"Humans are well known to alter their environment and so the assumption is that if it was a large animal it would have been useful to people as food and that must have caused its demise," says Edana Lord, a graduate student at the Center for Paleogenetics in Stockholm, Sweden, and co-first author of the paper, Smithsonian Magazine reported. "But our findings highlight the role of rapid climate change in the woolly rhino's extinction."
The study, published in Current Biology, notes that the rhino population stayed fairly consistent for tens of thousands of years until 18,500 years ago. That means that people and rhinos lived together in Northern Siberia for roughly 13,000 years before rhinos went extinct, Science News reported.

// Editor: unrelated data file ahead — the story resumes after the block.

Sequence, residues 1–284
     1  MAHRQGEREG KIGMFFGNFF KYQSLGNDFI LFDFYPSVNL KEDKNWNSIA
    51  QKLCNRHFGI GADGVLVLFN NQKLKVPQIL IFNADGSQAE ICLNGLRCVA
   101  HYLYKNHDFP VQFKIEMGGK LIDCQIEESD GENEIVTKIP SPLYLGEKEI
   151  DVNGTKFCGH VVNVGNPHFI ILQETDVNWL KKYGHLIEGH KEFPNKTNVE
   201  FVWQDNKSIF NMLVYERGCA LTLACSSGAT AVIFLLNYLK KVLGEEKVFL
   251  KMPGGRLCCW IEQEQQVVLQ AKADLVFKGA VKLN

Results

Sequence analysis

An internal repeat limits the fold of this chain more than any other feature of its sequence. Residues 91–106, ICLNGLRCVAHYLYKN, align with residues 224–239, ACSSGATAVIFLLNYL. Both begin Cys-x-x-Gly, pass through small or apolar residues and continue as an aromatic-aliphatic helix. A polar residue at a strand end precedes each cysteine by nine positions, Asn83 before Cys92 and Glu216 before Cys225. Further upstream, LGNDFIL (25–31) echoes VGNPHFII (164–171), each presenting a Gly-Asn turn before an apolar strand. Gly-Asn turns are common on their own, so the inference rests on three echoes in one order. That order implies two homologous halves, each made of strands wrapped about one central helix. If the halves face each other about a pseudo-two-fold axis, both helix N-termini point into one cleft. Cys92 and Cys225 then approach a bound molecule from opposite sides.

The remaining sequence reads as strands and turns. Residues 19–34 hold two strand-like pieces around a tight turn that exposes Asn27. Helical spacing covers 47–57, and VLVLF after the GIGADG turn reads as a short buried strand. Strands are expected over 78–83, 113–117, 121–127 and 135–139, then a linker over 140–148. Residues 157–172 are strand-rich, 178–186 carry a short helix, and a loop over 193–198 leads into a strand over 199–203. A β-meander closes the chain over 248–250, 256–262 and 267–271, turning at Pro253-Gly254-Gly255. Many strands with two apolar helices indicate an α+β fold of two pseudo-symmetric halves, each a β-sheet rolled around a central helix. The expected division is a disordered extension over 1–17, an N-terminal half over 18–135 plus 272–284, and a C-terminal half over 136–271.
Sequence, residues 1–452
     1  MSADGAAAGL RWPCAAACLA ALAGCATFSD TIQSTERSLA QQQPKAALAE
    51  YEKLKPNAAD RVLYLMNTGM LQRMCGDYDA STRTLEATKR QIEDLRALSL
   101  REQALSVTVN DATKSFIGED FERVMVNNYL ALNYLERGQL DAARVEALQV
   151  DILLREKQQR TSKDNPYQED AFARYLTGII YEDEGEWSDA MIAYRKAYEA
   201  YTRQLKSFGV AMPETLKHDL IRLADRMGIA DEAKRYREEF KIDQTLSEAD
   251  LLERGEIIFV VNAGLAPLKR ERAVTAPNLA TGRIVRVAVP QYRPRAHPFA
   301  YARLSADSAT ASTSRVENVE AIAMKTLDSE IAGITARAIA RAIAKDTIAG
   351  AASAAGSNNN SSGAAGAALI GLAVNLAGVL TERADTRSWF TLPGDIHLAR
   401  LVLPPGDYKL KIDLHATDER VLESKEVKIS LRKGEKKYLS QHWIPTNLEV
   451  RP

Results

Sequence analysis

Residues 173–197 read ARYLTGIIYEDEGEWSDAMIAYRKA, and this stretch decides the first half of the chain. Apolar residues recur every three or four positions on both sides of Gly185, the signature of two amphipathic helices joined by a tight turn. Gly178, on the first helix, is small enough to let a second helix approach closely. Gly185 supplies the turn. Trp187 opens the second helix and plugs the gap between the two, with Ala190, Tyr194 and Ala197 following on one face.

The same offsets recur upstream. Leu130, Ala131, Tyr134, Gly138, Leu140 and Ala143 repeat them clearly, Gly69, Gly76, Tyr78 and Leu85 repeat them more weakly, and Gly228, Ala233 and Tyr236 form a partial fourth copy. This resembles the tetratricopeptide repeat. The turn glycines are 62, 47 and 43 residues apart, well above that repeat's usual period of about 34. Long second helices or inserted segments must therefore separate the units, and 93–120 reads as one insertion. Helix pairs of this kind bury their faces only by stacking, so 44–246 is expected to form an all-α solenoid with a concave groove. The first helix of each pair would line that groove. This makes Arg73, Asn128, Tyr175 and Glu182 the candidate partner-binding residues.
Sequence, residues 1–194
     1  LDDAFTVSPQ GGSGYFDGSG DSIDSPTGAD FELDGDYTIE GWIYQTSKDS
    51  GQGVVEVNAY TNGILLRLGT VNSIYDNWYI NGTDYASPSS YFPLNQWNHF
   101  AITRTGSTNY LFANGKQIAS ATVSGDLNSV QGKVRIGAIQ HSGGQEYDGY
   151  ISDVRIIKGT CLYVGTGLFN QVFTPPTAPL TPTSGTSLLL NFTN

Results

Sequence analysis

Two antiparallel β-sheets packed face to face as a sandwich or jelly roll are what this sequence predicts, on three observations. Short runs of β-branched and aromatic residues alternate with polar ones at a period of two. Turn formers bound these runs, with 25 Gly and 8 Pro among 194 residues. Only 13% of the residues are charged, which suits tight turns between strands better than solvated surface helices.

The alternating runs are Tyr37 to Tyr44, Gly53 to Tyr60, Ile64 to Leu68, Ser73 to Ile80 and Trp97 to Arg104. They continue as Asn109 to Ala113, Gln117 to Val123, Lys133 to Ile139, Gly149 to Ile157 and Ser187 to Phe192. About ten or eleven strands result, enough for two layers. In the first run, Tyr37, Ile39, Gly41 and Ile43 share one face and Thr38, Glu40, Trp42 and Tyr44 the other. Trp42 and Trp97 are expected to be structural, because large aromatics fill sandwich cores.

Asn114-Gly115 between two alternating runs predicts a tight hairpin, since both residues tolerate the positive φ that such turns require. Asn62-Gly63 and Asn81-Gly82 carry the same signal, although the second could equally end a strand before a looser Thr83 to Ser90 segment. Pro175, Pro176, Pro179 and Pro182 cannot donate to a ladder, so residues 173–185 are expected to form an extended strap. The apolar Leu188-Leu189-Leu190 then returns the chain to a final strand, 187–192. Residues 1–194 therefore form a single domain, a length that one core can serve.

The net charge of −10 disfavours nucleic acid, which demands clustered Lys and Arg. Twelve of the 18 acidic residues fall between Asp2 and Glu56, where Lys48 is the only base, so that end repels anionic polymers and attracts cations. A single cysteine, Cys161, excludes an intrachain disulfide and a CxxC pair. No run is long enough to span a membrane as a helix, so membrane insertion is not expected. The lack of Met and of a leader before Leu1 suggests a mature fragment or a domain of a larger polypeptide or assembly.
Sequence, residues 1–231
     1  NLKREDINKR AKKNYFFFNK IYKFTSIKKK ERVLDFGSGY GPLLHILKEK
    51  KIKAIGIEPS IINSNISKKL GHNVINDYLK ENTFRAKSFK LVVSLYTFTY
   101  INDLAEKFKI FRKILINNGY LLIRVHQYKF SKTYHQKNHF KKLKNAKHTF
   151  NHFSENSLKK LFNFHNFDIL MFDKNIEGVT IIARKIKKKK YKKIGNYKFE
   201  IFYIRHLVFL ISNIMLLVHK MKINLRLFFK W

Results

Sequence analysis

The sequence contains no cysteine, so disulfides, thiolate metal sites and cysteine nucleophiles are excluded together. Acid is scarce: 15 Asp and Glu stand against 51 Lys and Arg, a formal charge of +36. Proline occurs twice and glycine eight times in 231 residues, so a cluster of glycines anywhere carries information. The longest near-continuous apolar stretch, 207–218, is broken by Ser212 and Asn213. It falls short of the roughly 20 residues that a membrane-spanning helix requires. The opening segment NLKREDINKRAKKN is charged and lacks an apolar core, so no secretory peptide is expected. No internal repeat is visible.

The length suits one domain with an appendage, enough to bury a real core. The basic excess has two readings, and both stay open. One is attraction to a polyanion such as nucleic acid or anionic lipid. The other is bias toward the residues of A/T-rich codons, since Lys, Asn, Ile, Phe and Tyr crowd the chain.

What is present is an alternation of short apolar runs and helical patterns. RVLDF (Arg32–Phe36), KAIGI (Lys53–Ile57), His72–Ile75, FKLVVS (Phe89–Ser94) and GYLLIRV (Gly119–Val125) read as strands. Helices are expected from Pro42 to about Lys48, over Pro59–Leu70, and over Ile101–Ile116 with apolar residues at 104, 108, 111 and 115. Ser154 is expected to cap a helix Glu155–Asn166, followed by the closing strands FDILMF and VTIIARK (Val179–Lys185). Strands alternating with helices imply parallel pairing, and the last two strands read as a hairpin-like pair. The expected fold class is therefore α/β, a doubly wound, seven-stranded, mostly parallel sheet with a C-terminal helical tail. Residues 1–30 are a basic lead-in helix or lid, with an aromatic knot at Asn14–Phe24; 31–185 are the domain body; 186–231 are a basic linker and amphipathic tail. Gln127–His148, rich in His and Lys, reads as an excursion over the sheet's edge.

The findings are an ominous harbinger for large species during the current climate crisis. As EcoWatch reported, nearly 1,000 species are expected to go extinct within the next 100 years due to their inability to adapt to a rapidly changing climate. Tigers, eagles and rhinos are especially vulnerable.
The difference between now and the phenomenon 14,000 years ago is that human activity is directly responsible for the current climate crisis.
To figure out the cause of the woolly rhinos' extinction, scientists examined DNA from different rhinos across Siberia. The tissue, bone and hair samples allowed them to deduce the population size and diversity for tens of thousands of years prior to extinction, CNN reported.
Researchers spent years exploring the Siberian permafrost to find enough samples. Then they had to look for pristine genetic material, Smithsonian Magazine reported.
It turns out the wooly rhinos actually thrived as they lived alongside humans.